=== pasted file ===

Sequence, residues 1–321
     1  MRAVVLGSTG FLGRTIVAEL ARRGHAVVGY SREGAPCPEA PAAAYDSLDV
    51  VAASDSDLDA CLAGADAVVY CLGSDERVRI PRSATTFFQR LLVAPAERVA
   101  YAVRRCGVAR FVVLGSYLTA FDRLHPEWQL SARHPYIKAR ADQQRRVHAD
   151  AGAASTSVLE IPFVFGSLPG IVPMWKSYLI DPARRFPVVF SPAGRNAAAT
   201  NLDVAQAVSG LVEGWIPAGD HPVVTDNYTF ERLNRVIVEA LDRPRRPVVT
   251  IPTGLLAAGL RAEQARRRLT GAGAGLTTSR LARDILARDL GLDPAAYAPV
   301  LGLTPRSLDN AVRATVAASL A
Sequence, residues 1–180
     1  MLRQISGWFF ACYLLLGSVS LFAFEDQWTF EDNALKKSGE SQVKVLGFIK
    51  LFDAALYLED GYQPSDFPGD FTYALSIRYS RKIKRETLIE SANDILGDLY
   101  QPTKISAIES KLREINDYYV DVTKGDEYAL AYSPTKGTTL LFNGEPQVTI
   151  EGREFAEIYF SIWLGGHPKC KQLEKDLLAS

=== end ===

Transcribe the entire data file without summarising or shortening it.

Sequence, residues 1–321
     1  MRAVVLGSTG FLGRTIVAEL ARRGHAVVGY SREGAPCPEA PAAAYDSLDV
    51  VAASDSDLDA CLAGADAVVY CLGSDERVRI PRSATTFFQR LLVAPAERVA
   101  YAVRRCGVAR FVVLGSYLTA FDRLHPEWQL SARHPYIKAR ADQQRRVHAD
   151  AGAASTSVLE IPFVFGSLPG IVPMWKSYLI DPARRFPVVF SPAGRNAAAT
   201  NLDVAQAVSG LVEGWIPAGD HPVVTDNYTF ERLNRVIVEA LDRPRRPVVT
   251  IPTGLLAAGL RAEQARRRLT GAGAGLTTSR LARDILARDL GLDPAAYAPV
   301  LGLTPRSLDN AVRATVAASL A
Sequence, residues 1–180
     1  MLRQISGWFF ACYLLLGSVS LFAFEDQWTF EDNALKKSGE SQVKVLGFIK
    51  LFDAALYLED GYQPSDFPGD FTYALSIRYS RKIKRETLIE SANDILGDLY
   101  QPTKISAIES KLREINDYYV DVTKGDEYAL AYSPTKGTTL LFNGEPQVTI
   151  EGREFAEIYF SIWLGGHPKC KQLEKDLLAS